Cape Town - A new ruling means that all credit providers who charge interest, no matter how small the principal amount, will have to register under the National Credit Act (NCA).
Up to May 11, a person was required to register as a credit provider under the NCA only if the total principal debt owed to that party under all outstanding credit agreements was more than R500 000, or if they were the credit provider under at least 100 credit agreements.
However, the latest Government Gazette has now reduced that threshold to zero, meaning that all credit providers within the definitions of providing credit under the NCA will now have to be properly registered.
Lloyd Chater, partner in Bowman Gilfillan Africa Group's corporate department, comments: "Although up until now all credit providers who provided credit to a consumer were required to comply with certain provisions of the NCA by virtue of the fact that they were providing credit, not all such credit providers were required to register."
Chater points out that under the new ministerial prescription, the credit provider must register even if a loan of as little as R1 is given on credit (with more than R1 to be repaid).
"Failure to register will mean that the credit provider may only be able to recover the capital amount granted to the consumer, but not any interest or other fees charged to the consumer" - the result of a 2012 Constitutional Court ruling, explains Chater.
He added that all arms’ length credit agreements, including loans given by companies to their employees where a fee or interest is levied for such a loan, will require the credit provider to register. This entails paying a registration or annual renewal fee to the National Credit Regulator, as well as complying with "a number of onerous provisions under the act".
The new law kicks in on November 11 this year. Chater notes that applications to register must be made in good time to ensure that potential credit providers are fully compliant by this date.
The administrative effect of this change cannot be understated as it has ramifications - subject to certain express exclusions - for any party granting credit to any individual or corporate entity (unless such an entity has a turnover or asset value of over R1m, or if the credit agreement is for an amount of over R250 000), said Chater.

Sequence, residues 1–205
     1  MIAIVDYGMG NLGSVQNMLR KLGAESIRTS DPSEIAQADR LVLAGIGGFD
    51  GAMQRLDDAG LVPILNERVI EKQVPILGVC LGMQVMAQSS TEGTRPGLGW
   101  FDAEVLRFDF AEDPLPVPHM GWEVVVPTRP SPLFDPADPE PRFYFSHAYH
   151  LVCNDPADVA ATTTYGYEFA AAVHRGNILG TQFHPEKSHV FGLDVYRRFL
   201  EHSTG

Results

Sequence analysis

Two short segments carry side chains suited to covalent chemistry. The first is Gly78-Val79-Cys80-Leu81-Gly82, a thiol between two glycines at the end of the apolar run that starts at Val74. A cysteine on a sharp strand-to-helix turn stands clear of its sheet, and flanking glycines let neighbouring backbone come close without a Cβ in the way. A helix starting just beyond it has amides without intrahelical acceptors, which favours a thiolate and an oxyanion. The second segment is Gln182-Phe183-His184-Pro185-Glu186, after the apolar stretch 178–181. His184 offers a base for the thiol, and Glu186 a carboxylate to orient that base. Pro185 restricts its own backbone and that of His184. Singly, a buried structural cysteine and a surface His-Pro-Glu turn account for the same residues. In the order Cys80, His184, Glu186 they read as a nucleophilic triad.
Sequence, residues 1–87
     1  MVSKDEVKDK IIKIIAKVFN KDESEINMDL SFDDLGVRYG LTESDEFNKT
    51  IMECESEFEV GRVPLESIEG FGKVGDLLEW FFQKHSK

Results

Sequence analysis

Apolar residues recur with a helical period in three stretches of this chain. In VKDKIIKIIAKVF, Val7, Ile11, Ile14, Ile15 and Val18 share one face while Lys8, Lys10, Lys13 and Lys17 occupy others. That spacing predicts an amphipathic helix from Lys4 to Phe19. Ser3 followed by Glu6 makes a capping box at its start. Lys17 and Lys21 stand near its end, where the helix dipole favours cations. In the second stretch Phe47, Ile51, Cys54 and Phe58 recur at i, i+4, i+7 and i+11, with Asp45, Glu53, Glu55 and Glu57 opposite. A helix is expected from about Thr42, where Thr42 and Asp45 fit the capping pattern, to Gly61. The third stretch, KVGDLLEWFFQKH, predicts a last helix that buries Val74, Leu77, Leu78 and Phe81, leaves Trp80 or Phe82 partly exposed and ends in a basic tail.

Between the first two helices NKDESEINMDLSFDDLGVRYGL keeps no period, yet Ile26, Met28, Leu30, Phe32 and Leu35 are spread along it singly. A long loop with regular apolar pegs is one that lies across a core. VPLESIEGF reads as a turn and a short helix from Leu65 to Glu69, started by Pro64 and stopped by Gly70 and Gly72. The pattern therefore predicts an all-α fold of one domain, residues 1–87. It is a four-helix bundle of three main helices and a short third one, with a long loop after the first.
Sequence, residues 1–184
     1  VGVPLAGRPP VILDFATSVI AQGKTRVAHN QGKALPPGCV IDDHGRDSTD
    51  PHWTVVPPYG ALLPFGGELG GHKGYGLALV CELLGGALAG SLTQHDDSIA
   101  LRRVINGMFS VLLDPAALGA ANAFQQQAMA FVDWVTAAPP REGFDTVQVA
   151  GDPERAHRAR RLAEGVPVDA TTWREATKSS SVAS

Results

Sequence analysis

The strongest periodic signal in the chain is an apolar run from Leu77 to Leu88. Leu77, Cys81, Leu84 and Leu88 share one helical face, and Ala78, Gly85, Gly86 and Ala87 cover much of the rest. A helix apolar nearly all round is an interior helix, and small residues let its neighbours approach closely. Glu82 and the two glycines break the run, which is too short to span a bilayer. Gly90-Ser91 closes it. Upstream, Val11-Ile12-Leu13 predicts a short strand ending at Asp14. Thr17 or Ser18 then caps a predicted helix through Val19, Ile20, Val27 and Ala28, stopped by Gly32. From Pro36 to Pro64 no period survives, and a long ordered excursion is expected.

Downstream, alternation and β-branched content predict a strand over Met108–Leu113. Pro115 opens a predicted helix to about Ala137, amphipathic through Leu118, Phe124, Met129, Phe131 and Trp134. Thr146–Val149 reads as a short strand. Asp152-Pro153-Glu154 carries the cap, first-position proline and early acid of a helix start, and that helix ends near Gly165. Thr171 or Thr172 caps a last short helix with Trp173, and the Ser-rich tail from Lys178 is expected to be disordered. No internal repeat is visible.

In addition, new measures in the Government Gazette in November last year are also set to affect all consumers who have credit such as home loans, vehicle finance or any other loans.
New rules announced by Minister of Trade and Industry Rob Davies set a standard of maximum calculated amounts which credit providers will not be allowed to exceed or abuse. The Department of Trade and Industry said these new maximum interest rates for all types of credit agreements will reduce the cost of credit for consumers.
However, industry experts have warned that the new measures may boost the loan shark industry. Wikus Olivier, debt management Expert at DebtSafe, said that despite the lowering of most limitation fees and rates, this could lead to reputable credit providers not approving loans as easily as in the past since it might not be profitable.
This situation could also prompt more desperate people to turn to loan sharks - a bad thing for consumers because of the extremely high interest rates these lenders charge, said Olivier.
The new ruling on credit providers is becoming even more relevant for consumers in the wake of steep petrol and food price hikes, with an economist warning that 94% of South African households are now at risk of a negative net income.
Standard Bank economist Zaakirah Ismail said households with a negative net income lack the means to cover their costs. To overcome this, they will either take out credit or take advantage of financial support from wealthy family members in the form of gifts or donations.